[Purpose] This study was conducted to investigate the effect of mobilization of the ankle joint in elderly adults on range of motion and functional balance of elderly adults. [Methods] Thirty-three healthy elderly adults were randomly allocated to two groups: the mobilization (MT) group and the control (CT) group, comprised of 18 and 15 subjects respectively. Traction, anterior gliding and posterior gliding of the talocrural joint were performed in the MT group, whereas no intervention was made in the CT group. [Results] The average change of ankle ROM was 7.02° in the MT group and -0.08° in the CT group, showing a significant difference (F=52.67). The average change of execution time in the OLB test was 6.88 seconds in the MT group and -0.49 seconds in the CT group, showing a significant difference (F=107.33). The average change of execution time in the TUG test was -2.88 seconds in the MT group and -0.34 seconds in the CT group, showing a significant difference (F=36.44). The average change of reaching distance in the LR test was 13.61 mm in the MT group and 0.48 mm in the CT group, also showing a significant difference (F=11.13). [Conclusion] We presume that mobilization of the ankle joint of elderly adults increases range of motion and improves functional balance.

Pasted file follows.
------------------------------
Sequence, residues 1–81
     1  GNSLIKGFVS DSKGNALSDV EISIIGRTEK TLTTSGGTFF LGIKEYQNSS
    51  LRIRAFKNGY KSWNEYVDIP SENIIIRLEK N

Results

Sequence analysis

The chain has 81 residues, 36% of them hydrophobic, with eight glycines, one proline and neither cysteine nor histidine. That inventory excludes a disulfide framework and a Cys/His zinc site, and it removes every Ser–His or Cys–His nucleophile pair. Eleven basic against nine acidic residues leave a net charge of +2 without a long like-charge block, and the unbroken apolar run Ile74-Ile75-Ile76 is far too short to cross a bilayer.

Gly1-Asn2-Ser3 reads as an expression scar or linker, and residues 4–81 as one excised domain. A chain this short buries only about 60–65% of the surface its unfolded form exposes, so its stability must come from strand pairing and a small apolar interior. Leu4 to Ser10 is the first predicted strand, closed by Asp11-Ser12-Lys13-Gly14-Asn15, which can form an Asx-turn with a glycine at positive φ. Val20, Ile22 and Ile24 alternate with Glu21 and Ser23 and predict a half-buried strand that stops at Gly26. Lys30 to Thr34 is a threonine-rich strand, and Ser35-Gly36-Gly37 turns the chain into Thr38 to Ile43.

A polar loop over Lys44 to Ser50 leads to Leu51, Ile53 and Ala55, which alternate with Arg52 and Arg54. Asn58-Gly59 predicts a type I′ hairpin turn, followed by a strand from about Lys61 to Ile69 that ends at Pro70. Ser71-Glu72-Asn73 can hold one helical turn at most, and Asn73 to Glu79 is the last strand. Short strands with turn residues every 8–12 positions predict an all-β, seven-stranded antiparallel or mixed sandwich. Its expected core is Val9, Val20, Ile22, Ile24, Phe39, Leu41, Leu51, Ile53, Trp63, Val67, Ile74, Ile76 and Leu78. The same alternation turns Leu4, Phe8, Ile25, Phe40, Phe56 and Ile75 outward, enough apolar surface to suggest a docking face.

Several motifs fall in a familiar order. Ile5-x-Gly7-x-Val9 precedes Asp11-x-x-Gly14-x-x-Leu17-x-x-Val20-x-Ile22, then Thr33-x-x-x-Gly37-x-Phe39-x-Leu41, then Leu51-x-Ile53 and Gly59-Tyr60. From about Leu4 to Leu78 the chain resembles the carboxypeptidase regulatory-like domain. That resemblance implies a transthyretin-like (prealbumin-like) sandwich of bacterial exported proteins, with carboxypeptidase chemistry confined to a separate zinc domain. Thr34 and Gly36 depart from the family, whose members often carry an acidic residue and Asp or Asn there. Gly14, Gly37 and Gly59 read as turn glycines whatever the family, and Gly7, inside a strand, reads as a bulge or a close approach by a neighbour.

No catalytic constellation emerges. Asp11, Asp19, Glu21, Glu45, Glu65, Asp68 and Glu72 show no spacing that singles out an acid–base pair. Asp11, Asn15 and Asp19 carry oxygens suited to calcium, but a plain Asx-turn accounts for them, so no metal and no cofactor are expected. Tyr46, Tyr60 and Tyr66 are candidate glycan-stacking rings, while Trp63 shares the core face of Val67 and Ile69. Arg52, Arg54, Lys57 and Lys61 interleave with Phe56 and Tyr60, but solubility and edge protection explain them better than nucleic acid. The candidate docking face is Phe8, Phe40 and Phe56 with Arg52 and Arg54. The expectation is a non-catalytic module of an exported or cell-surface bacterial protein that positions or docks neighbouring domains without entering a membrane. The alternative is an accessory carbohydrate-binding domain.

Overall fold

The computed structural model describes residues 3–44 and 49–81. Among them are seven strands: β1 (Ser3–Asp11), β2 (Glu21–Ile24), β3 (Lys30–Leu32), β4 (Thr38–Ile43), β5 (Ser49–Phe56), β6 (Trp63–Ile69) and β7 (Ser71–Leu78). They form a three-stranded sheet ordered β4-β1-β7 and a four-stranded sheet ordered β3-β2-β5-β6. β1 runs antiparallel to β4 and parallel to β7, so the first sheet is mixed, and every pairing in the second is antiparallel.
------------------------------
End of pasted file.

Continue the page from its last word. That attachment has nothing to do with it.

[Purpose] The purpose of this study was to investigate the intra- and inter-tester reliabilities of transverse arch length (TAL) standing position and lower leg maximum anterior tilting (LMAT) position. [Subjects] Eight subjects who were free from lower extremity injury at the time of testing and three testers participated in this study. [Methods] TAL was measured 3 times in each trial both in the standing position and the LMAT position. Three trial repetitions were performed at 1-hour intervals. Test–retest reliability was established using the ICC (1, k) model and data from the first to the third trials. Inter-tester reliability was established using the ICC (2, k) model and the averages of the first to third trials of each tester. [Results] In the standing position, intra-tester reliability was good or sufficient for use in a clinical setting. Inter-tester reliability was sufficient for use in a clinical setting. In the LMAT position, intra-tester reliability was excellent or sufficient for use in a clinical setting. Inter-tester reliability was good. [Conclusion] We suggest that it is possible to easily assess the flexibility of the transverse arch of the forefoot using the technique we describe here.